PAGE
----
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The Myth of the Seven-Year Itch --
and Why it's Actually a FOUR-Year Itch

Marilyn Monroe's film "The Seven-Year Itch" perpetuated the idea that many married people get restless seven years into their marriage. Is it true that just around that seven-year mark men and women across the country start longing for infidelity, or at least a little something to spice up their marriage?

It may not happen this fast, but a leading expert says that American marriages hit a hurdle after the "infatuation phase" ends (that's after just two to three years!).

As it turns out, the "itch" is certainly there, but it happens a lot sooner for most of us -- after just four years of matrimony.

Part of Our Biology?

According to Dr. Helen Fisher, an anthropologist at the Center for Human Evolutionary Studies in the Department of Anthropology at Rutgers University, and author of "Why We Love," it's because of "biological programming" that people get antsy after four years.

She has studied over 60 groups of people, from various cultures around the world (including Australian Aborigines, the Gainj of New Guinea and the Netsilik Eskimos), only to find some striking similarities ...

"People around the world tend to divorce during and around the fourth year of marriage," Fisher says.

The reason, she explains, has not to do with our hidden passions and desires, but rather is simply an expression of our biological desire to reproduce. Fisher says:

"As it turns out, the standard period of human birth spacing was originally four years. We were built to have our children four years apart and I think that this drive to pair up and stay together at least four years evolved millions of years ago so that a man and a woman would be drawn together and stay together, tolerate each other, at least long enough to rear a single child through infancy."

The tabloids, too, seem to bear this out. Just ask Paul McCartney and Heather Mills, Jennifer Aniston and Brad Pitt, Lance Armstrong and his wife, Kristin, or Madonna and Sean Penn. All of these couples divorced after four years of marriage.

A key part of keeping your marriage strong is saying nice things. Happy couples say at least five times as many positive things about their relationship than negative things -- even while they're arguing.

However, there is a slight, somewhat disheartening, caveat. If you break the statistics down further to include just Americans, the peak years for divorce are even under the four-year mark, at years two and three.

"Perhaps it is no coincidence that the American divorce peak corresponds perfectly with the normal duration of infatuation -- two to three years," Fisher says.

If you do make it past the four-year mark (or at least the two- and three-year marks), you're in luck. Divorce rates decline gradually with each year of marriage that goes by, according to Fisher.

What to Do if You're Feeling an "Itch" in Your Marriage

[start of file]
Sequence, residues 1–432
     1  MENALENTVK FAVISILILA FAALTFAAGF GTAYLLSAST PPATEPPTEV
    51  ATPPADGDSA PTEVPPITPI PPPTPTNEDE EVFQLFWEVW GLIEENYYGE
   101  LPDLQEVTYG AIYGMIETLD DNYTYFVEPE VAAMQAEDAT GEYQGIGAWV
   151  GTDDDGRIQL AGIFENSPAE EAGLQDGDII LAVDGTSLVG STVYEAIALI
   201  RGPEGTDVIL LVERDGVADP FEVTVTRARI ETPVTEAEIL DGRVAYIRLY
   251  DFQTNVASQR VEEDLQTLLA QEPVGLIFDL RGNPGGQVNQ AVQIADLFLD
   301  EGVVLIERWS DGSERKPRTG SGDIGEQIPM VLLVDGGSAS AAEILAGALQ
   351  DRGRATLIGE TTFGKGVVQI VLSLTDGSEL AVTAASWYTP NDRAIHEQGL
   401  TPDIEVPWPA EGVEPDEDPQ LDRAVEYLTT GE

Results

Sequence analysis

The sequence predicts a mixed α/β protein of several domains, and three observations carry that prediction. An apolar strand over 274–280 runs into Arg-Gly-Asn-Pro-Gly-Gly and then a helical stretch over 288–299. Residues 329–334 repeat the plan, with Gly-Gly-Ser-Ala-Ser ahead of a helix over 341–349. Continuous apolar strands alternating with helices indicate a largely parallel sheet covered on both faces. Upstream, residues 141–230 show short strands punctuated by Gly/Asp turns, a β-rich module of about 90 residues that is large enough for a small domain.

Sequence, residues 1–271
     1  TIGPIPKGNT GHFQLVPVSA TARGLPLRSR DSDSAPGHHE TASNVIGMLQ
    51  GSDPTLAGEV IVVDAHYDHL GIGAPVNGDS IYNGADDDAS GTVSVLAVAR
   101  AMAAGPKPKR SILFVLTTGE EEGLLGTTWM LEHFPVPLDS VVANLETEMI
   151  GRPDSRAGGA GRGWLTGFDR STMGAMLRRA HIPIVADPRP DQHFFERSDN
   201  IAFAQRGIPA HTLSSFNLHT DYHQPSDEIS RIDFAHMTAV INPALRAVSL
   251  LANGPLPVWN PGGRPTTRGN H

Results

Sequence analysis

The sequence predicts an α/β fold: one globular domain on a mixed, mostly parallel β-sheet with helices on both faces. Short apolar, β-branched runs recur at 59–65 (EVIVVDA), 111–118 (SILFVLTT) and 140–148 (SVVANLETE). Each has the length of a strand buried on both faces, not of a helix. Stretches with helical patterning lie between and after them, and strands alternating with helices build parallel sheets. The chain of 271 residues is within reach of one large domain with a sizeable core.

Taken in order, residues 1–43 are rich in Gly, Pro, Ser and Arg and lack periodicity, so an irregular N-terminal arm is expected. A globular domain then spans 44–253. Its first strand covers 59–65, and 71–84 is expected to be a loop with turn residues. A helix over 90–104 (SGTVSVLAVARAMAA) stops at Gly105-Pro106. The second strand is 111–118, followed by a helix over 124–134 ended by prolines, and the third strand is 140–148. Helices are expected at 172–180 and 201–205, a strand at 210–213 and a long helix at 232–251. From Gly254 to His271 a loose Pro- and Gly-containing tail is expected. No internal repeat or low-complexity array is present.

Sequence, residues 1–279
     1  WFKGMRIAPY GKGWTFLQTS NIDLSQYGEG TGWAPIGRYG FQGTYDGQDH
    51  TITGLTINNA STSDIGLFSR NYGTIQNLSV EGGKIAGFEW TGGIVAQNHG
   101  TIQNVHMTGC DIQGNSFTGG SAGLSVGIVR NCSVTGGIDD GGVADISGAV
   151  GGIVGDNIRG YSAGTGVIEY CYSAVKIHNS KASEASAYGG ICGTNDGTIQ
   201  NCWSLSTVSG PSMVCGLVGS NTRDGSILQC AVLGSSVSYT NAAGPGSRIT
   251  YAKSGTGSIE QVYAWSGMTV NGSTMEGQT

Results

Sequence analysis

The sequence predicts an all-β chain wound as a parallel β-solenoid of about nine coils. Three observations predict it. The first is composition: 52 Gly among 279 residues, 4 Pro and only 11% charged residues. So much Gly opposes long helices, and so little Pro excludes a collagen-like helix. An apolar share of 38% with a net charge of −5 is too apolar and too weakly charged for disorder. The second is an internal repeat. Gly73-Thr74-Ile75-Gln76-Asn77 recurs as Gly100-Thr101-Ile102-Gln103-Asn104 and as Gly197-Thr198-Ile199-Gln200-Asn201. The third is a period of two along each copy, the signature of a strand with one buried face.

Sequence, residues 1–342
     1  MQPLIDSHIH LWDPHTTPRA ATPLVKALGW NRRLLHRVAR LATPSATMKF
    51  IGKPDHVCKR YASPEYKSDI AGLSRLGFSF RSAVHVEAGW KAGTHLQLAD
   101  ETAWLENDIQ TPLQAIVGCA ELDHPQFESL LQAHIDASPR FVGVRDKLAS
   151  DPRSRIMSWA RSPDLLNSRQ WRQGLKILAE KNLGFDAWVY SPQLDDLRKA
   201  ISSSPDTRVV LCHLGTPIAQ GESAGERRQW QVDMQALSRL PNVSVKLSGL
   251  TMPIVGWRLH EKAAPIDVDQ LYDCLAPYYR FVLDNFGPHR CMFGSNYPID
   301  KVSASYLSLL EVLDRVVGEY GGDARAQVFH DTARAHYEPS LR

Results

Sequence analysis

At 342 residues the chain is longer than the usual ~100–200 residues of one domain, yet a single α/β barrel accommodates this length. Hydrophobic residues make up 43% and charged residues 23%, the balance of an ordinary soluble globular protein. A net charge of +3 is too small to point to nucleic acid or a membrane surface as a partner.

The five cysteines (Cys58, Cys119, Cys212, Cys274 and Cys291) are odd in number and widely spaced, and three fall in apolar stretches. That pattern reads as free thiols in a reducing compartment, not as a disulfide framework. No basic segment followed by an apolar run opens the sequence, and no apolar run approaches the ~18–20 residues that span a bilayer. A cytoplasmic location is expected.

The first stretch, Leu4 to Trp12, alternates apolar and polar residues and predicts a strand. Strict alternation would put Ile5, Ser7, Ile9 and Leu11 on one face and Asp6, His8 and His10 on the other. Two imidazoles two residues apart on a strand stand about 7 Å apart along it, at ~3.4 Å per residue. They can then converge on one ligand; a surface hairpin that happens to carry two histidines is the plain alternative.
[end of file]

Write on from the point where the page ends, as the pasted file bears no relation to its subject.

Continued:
In order for any marriage to succeed, both partners must be willing to put in the effort needed to keep things fresh, fair and fulfilling. If you hit a snag along the way, and most people do, the following tips from respected marriage researcher Dr. John Gottman, author of The Relationship Cure, can help to keep your marriage strong.

  • If you're having problems, seek help right away. The average couple waits six years before seeking marital counseling, according to Gottman, which means they're living unhappily for far too long.

  • Keep critical things to yourself. "Editing yourself" sometimes is a key secret of happy couples.

  • Talk about your problems, but do so gently and without blame. Starting a discussion with a criticism or accusation is a surefire way to escalate the conflict.

  • Men, accept influence from your wife. According to Gottman, a marriage can only be successful if a man can listen to and be influenced by his wife. Why? Studies show that most women easily accept influence from men, so a "true partnership" can only be formed if the man can also do this.

  • Don't accept hurtful behavior. Having high standards of how you expect to be treated helps couples stay happy in the long run.

  • Don't let arguments get out of control. The happiest couples are those who can repair an argument (by changing the topic, saying something caring or looking at the humorous side) and then let it go (by backing down, showing understanding or letting your partner know that you're in it together).

  • Say positive things. Couples in happy marriages make at least five times as many positive statements about their relationship than negative ones -- even while talking about a problem, according to Gottman.

Recommended Reading

The Top 5 Things Couples Argue About

Infidelity and Forgiveness: What The Experts Say


The Gottman Institute

Psychology Today

ABC News 20/20

The Register

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